Depression's downer is only money-deep. Protests rise aflight defiance.
Saturday, downtowners protest the Department of Transportation's many failures and its indifference to local communities. 40 Worth Street, 1pm
Yesterday, New School students occupied the 65 Fifth Avenue building, calling for the resignation of university President Bob Kerrey who has compromised the great radical legacy of the University in Exile by adopting a profit-generating corporate model for the university and its governance, by participating in the Committee for the Liberation of Iraq, which promoted the current invasion and occupation of Iraq and, most recently, by appointing himself as interim Provost.
Here's their statement:
On 17 December 2008, students, staff, faculty, and supporters held protests and
occupied the 65 Fifth Avenue building of the New School. About 100 people have
remained in the building throughout the night. This is a call for solidarity
and support. Protests and support will continue on Thursday, December 18th, at
65 Fifth Avenue and other New School buildings.
As you may know, the full-time faculty of the New School, have taken a nearly
unanimous vote of no confidence [269 to 8 (with 10 abstentions)] in the
leadership of President Bob Kerrey and Executive Vice President Jim Murtha.
This followed the sudden departure of Provost Joe Westphal, the chief academic
officer of the university, after which the President appointed himself acting
Provost. (He has since admitted this was an error.)
It is UNACCEPTABLE for President Kerrey to appoint himself interim Provost. With
various budgetary and building changes, students face a serious lack of
resources, both technological and academic, directly due to Kerrey's leadership
and his attempt to make the New School a profit-making venture. There is also a
fundamental lack of democratic transparency concerning both the activities of
Bob Kerrey and the Board of Trustees, and not enough input from students,
staff, and faculty.
Bob Kerrey has consistently been completely out of alignment over the past seven
years as President with the history, community, and philosophy upon which the
New School was founded. Amongst other activities, he was a member of the
Committee for the Liberation of Iraq, which promoted the current invasion and
occupation of Irag. His participation is the committee was highly contested by
the student, staff, and faculty.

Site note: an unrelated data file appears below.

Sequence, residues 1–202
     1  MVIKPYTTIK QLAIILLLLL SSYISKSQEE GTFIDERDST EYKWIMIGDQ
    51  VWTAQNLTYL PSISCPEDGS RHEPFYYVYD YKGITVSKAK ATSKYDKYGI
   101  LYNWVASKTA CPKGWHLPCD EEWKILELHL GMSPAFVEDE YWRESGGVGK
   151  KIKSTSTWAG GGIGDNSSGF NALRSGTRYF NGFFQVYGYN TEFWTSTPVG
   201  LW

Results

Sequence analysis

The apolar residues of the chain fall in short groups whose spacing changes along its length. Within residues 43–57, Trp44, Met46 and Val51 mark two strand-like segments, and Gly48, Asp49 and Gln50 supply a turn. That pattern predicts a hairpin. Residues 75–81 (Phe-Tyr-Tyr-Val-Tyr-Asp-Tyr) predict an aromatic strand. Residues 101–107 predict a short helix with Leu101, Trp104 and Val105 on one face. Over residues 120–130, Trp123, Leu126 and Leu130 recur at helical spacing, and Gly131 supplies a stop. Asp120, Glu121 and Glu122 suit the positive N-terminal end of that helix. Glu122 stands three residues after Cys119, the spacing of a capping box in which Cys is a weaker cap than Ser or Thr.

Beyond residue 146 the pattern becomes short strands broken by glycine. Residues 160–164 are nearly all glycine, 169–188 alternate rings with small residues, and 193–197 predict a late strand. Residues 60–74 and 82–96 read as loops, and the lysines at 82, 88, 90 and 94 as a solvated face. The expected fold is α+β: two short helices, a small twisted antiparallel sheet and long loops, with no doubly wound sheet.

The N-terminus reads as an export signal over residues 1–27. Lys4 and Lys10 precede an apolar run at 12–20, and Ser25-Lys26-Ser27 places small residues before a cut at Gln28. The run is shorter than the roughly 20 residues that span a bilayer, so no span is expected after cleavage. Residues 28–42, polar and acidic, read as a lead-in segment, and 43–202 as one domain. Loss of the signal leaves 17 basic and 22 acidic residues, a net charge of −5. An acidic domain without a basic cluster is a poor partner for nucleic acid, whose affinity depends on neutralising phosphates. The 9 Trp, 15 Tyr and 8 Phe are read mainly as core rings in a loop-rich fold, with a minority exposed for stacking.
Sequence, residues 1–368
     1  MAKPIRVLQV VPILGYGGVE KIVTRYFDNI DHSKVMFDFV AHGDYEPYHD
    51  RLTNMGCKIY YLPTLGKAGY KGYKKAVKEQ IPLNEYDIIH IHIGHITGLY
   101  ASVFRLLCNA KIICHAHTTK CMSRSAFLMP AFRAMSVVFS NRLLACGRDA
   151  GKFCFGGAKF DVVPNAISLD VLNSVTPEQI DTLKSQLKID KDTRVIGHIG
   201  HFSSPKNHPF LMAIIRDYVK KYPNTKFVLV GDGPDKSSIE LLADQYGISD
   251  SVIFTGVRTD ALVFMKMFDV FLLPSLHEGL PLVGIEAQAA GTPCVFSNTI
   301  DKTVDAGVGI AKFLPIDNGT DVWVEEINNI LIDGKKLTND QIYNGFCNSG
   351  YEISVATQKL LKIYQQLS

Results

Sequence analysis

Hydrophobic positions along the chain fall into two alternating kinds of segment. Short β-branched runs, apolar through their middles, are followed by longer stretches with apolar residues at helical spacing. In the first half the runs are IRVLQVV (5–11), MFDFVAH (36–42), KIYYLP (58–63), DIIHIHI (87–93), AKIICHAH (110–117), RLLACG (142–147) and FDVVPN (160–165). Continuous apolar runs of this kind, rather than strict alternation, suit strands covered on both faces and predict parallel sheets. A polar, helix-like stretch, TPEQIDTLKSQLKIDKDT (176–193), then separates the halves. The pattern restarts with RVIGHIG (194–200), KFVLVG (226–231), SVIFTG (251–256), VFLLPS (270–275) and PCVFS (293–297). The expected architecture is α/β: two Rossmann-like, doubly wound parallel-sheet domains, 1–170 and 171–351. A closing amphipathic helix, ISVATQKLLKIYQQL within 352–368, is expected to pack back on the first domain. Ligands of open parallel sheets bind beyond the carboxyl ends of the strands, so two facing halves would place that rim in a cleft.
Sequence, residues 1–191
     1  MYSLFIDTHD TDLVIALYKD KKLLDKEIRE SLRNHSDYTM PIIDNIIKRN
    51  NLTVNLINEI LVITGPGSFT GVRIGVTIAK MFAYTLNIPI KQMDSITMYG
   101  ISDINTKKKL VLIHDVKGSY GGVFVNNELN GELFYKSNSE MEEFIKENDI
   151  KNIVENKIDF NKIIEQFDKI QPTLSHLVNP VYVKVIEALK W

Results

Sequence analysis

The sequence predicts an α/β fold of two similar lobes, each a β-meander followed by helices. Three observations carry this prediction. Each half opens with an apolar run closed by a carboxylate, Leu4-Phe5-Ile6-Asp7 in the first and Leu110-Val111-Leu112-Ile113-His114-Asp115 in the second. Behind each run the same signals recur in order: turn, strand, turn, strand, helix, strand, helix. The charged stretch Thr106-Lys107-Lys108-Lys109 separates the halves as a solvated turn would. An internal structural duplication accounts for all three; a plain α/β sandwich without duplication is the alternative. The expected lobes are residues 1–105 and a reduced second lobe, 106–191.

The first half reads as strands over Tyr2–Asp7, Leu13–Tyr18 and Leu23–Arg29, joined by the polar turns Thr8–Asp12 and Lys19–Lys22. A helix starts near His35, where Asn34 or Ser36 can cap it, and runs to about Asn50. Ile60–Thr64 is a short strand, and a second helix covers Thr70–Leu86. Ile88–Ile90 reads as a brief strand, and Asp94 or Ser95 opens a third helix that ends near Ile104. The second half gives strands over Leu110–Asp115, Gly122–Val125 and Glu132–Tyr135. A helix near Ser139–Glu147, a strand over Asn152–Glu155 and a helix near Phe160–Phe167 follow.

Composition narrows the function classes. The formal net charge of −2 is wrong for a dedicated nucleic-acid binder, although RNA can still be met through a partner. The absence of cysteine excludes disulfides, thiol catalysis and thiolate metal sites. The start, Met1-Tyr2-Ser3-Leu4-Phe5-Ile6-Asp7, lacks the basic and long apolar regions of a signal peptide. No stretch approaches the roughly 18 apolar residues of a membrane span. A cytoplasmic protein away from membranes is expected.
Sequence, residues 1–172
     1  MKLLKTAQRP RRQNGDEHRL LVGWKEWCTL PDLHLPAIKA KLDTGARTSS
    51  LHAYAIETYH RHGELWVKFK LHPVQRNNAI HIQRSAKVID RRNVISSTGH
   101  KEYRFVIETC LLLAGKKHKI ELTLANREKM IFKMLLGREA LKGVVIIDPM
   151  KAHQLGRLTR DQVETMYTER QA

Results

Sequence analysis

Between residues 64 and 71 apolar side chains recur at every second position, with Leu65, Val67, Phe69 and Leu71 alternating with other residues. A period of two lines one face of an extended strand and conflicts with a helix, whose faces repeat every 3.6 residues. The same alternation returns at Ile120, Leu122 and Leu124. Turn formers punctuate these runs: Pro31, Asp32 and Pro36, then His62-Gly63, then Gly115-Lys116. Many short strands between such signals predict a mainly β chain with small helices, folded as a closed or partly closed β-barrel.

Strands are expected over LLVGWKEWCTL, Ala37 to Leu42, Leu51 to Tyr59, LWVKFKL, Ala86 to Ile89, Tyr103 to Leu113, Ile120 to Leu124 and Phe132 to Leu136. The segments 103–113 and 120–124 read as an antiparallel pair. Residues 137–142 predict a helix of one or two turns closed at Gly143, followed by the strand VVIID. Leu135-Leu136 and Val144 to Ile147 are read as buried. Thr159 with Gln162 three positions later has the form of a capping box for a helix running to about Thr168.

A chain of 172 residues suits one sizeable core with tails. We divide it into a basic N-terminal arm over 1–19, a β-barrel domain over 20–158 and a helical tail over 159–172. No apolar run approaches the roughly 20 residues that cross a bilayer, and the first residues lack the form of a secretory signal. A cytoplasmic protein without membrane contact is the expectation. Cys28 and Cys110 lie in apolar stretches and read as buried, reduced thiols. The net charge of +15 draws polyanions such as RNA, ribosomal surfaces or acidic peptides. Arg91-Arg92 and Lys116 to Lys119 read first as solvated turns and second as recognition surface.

Those protesting are calling for the resignation of Bob Kerrey and the
institution of a direct, democratic participation of the students, staff, and
faculty, in order to guarantee that decisions are made in our best interests
and so that we can once again live up to the legacy of the University in Exile.
Our grievances include:
· Five Provosts in less than eight years is a sign of no institutional
transparency, stability, and accountability. We need an institutional politics
with a system of checks and balances, not one that works at the whim of one
· Kerrey's unilateral appointment of himself as "chief academic officer" is
unacceptable and emblematic of his inability to foster cooperative education.
· The university is being treated as a profit-making venture at whose altar the
requirements of scholarship are routinely sacrificed. We have been
systematically stripped of the most basic resources necessary for academic
excellence, including adequate funding, spaces in which to study and engage
with each other, and a working library. We demand more opportunities for
student funding, and we are willing to work for them. We need public spaces in
which to foster a public sphere and an academic community. The absence of a
serious library and its related resources for research is absolutely
unacceptable and should not even be an issue of contention in an academic
· Academic planning and budgeting should be directed by individuals with a deep
understanding and commitment to academic excellence and free inquiry.
· We have no hand and no say in our fates or the collective fate of our
Please come support the protests at the New School (65 Fifth Avenue) to put an
end to Kerrey's and the other administrator's autocratic approach and
bureaucratic, business model for education. Their activities have been becoming
commonplace at all of our educational institutions. Let's end it now!